Brief Description of the Drawings
Figure 1 shows the complete DNA sequence encoding bovine lactoperoxidase preproenzyme and the deduced amino acid sequence.
Figure 2 shows a comparison of the amino acid sequences of a number of mammalian peroxidases .
Figure 3 shows the sequence of a human cDNA clone.

Modes of Carrying Out the Invention
As used herein, "mammalian" lactoperoxidase refers to a protein having peroxidase activity, as assayed by standard enzymological tests, and which protein is present in the secretions of milk-secreting glands and in the glands themselves . Such conventional tests for peroxidase activity are commercially available and
described in standard references such as Methods in
Enzvmology. Illustrative of such proteins are the bovine protein having the amino acid sequence shown in Figure 1 and the related human sequence. However, also included are such proteins encoded by allelic variants of the DNA sequence there shown, as well as those encoded by any other members of a gene family which provides these milk-related proteins, and those of other mammalian species.
Also included in the group of lactoperoxidases of the invention are modified forms of these mammalian lactoperoxidases which result from noninterfering
deletions, substitutions, or alterations of the amino acid sequence. Also included are fragments of these sequences which retain peroxidase activity.
By "purified" is meant that the lactoperoxidases of the invention are free from association with proteins and other materials in the presence of which they normally occur. As the claimed proteins are recombinantly
produced, there are no traces of such associated materials in the mammalian proteins typically purified from these recombinant sources .
"Operably linked" refers to a juxtaposition wherein the components are configured so as perform their usual functions ; thus , control sequences or promoters operably linked to a coding sequence are capable of effecting the expression of the coding sequence.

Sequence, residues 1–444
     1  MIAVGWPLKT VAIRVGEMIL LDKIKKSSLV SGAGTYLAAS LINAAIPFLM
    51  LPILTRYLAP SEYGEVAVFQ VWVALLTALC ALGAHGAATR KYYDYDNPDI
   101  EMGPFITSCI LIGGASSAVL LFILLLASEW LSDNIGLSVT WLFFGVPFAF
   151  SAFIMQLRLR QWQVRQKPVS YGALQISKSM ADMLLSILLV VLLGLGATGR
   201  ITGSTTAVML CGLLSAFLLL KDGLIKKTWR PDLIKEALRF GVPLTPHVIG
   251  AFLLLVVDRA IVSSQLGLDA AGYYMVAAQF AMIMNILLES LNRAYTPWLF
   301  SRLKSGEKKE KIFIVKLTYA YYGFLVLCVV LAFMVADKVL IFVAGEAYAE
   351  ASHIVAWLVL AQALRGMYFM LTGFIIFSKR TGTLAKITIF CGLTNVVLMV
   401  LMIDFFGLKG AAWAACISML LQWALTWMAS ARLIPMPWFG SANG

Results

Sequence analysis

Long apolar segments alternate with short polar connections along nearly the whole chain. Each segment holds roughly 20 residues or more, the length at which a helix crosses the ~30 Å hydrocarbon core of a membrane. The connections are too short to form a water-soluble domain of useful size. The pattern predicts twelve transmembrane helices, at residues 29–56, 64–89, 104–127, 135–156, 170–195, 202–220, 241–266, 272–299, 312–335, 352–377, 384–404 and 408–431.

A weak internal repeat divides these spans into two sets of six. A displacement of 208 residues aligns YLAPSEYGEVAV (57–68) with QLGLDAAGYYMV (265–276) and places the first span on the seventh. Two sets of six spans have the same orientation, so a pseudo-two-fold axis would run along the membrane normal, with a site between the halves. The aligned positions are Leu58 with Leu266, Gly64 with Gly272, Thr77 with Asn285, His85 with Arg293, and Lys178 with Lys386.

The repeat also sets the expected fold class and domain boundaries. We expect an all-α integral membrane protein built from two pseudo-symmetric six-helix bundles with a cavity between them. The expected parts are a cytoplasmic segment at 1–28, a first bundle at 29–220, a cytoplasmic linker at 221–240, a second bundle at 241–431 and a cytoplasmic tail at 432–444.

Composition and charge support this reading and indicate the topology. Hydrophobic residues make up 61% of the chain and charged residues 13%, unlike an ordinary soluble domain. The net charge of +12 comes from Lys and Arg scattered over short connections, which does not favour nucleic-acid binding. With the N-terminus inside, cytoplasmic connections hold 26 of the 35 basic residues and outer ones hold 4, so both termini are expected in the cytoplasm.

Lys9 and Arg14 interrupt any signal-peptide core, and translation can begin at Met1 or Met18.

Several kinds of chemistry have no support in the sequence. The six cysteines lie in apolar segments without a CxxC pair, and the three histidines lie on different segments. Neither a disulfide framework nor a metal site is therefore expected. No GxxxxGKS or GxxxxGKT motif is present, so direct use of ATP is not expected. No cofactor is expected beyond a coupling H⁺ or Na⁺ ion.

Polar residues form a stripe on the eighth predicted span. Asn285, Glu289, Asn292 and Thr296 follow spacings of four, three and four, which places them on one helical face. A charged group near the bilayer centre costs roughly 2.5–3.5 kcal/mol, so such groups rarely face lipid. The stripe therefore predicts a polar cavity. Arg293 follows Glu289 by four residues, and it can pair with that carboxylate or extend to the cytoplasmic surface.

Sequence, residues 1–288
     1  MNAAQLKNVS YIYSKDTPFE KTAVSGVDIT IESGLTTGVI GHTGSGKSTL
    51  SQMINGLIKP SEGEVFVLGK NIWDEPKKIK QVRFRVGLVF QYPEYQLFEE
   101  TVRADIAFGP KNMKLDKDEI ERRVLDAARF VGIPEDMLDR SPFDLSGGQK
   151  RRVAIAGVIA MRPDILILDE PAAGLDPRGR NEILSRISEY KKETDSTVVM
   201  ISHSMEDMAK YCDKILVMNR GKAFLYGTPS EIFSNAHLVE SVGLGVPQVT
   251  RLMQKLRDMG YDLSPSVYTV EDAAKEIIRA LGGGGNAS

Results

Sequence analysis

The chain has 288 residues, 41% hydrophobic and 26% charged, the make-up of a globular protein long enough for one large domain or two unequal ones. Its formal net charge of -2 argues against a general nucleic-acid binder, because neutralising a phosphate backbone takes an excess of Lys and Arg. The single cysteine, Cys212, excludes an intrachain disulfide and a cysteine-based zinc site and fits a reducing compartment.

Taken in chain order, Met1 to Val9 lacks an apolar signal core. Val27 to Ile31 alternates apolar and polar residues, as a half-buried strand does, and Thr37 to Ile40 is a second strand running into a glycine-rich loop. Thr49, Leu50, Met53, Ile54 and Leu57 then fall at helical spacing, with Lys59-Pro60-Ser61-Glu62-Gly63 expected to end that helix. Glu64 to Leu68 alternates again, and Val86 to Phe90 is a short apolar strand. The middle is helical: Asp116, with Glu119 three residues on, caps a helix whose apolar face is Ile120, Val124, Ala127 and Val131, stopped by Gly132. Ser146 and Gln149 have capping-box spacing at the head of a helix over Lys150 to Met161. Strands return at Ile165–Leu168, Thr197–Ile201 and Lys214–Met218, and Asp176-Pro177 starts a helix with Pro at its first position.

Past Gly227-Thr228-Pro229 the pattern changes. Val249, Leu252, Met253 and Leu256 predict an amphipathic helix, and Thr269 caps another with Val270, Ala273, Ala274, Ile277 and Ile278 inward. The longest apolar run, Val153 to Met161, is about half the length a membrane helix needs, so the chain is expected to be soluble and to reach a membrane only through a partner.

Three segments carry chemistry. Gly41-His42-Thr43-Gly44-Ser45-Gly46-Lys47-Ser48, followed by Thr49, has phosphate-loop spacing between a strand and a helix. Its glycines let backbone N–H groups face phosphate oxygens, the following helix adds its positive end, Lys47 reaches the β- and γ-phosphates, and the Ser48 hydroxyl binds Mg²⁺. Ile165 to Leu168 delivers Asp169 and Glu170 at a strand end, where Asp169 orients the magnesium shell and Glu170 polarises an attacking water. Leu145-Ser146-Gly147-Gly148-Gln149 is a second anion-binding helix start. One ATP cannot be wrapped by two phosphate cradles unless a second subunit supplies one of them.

"Control sequence" refers to a DNA sequence or sequences which are capable, when properly ligated to a desired coding sequence, of effecting its expression in hosts compatible with such sequence . These sequences include at least promoters, both in procaryotic and eucaryotic hosts, and, optionally, transcription termination signals . Additional sequences which may be required or helpful in effecting expression may also be identified and incorporated. As used herein, "control sequences" refers to whatever DNA sequence may be required to effect expression of the operably linked coding sequence in the particular host used.
"Cells" or "cell cultures" or "host cells" are often used interchangeably, as will be clear from the context. These terms include the immediate subject cell, and, of course, the progeny thereof. It is understood that not all progeny are exactly identical to the parental cell due to chance mutation or differences in environment, but such altered progeny are included in these terms as long as they retain the characteristics relevant to those confirmed on an originally transformed cell. In the present case, for example, the included progeny would be those which retain an expression system capable of effecting the production of the desired lactoperoxidase.